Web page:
The Natural History of Canadian Mammals

 

When Donna Naughton first told her partner Diana that she intended to write a book
on Canadian mammals, Diana assumed that Donna would be writing a field guide, and need one or two years to complete it. Instead, over the course of eleven years, Donna turned out the definitive volume on Canadian mammals for this generation. The Natural History of Canadian Mammals (University of Toronto Press, 2012) has already riveted all kinds of readers. It was one of the main attractions at the Frankfurt Book Fair; at its Canadian launch on October 25, it packed the 3D Theatre of the Museum of Nature with eager readers, young and old, professional biologists and amateur enthusiasts.

 

A.W.F. Banfield’s 1974 volume, The Mammals of Canada , also came out of the
Canadian Museum of Nature and the University of Toronto Press. It has been a great
resource for scholars for four decades – but it was time for an update. Donna Naughton
explained three pressing reasons for this updating. The mammal species living in Canada have changed since 1974; Canadian mammals are on the brink of a dramatic possible change in climate; and the illustrations which drive The Natural History of Canadian Mammals needed to come to light.

 

The Vancouver Island marmot is one of five mammal species found only in Canada;
it was not officially classified as a species when Banfield went to press. While Canadian
Mammals was in preparation, the number of the rare marmots in the wild increased, from only thirty-five to between 300 and 350! Changes in species classification are not the only reason to include new species; one Pacific dolphin species has recently begun to appear in Canadian waters, as its range moves further north due to the warming of ocean waters.

 

Several American species of shrew can now be found in southern B.C., as their original
habitat becomes hotter and drier. The Natural History of Canadian Mammals provides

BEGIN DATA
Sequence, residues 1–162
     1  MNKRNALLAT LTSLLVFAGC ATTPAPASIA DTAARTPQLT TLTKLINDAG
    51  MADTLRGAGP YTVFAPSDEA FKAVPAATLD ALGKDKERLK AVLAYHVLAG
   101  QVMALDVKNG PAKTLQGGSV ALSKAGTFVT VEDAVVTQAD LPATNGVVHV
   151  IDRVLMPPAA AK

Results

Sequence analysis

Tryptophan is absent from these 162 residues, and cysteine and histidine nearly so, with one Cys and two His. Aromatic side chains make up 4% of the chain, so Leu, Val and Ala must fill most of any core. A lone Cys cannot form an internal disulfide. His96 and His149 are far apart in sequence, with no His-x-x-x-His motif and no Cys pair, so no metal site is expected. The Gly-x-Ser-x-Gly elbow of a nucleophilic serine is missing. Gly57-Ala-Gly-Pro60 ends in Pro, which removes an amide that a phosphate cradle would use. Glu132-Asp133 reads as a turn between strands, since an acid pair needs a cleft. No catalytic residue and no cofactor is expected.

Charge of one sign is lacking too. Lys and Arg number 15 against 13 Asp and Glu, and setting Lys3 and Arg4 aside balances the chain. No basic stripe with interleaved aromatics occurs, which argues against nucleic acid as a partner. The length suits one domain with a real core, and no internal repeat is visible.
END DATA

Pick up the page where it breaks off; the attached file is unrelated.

us with a vital baseline, giving a snapshot of Canadian fauna at the beginning of a shift in
climate.

 

The marvellous watercolour illustrations are at the heart of Canadian
Mammals; their story demonstrates how this book is a product of the whole institution of the Canadian Museum of Nature. When Museum of Nature staff members were asked whether they had any ideas for books, Donna leaped at the opportunity to publish a neglected collection of breathtaking watercolours, done by Paul Geraghty and Brenda Carter. A book format was just the thing to showcase the illustrations, and to bring the museum’s treasures to a wide public. The natural history illustrator Julius Csotonyi was brought in to provide pictures of about forty species that the two original artists had not had time to cover; he used a sophisticated digital watercolour programme, so that his work would blend in perfectly with his predecessors’. Donna declared that his picture of a wolverine was the most accurate she had ever seen.

 

Canadian Mammals also drew on talents from all over the Museum of Nature. The dental illustrations, which are crucial in mammal biology, were done by a staff member from the paleontology preservation lab. Micheline Beaulieu-Beauregard works in the museum’s world-class Herbarium – but stepped away from her usual plant specimens to illustrate mammal skulls, drawing between three and six diagrammes per species.

 

Micheline told me that her contribution to Canadian Mammals will probably be
the most tangible and lasting of all the work she has undertaken at the Canadian Museum of Nature. She and Donna Naughton think alike; Donna sees Canadian Mammals as the pinnacle of her work for the museum, and considers it in the light of a public servant’s retirement gift to the nation. It was wonderful to hear how digital technologies and people’s artistic and research talents could combine to save art from obscurity, and to save species from ignorance – and how all this could be accomplished through that most old-fashioned medium; an illustrated book.